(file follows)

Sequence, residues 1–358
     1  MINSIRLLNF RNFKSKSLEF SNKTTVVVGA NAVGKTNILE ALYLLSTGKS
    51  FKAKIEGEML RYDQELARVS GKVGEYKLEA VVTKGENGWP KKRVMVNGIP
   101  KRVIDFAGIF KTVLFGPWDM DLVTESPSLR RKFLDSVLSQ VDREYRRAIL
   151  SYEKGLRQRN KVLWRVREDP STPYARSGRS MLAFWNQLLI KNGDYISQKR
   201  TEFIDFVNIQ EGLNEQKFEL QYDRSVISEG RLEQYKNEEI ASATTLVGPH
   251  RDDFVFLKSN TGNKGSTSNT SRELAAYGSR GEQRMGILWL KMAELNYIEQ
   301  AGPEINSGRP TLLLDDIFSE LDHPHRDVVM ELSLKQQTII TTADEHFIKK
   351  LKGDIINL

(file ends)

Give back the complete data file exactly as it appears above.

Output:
Sequence, residues 1–358
     1  MINSIRLLNF RNFKSKSLEF SNKTTVVVGA NAVGKTNILE ALYLLSTGKS
    51  FKAKIEGEML RYDQELARVS GKVGEYKLEA VVTKGENGWP KKRVMVNGIP
   101  KRVIDFAGIF KTVLFGPWDM DLVTESPSLR RKFLDSVLSQ VDREYRRAIL
   151  SYEKGLRQRN KVLWRVREDP STPYARSGRS MLAFWNQLLI KNGDYISQKR
   201  TEFIDFVNIQ EGLNEQKFEL QYDRSVISEG RLEQYKNEEI ASATTLVGPH
   251  RDDFVFLKSN TGNKGSTSNT SRELAAYGSR GEQRMGILWL KMAELNYIEQ
   301  AGPEINSGRP TLLLDDIFSE LDHPHRDVVM ELSLKQQTII TTADEHFIKK
   351  LKGDIINL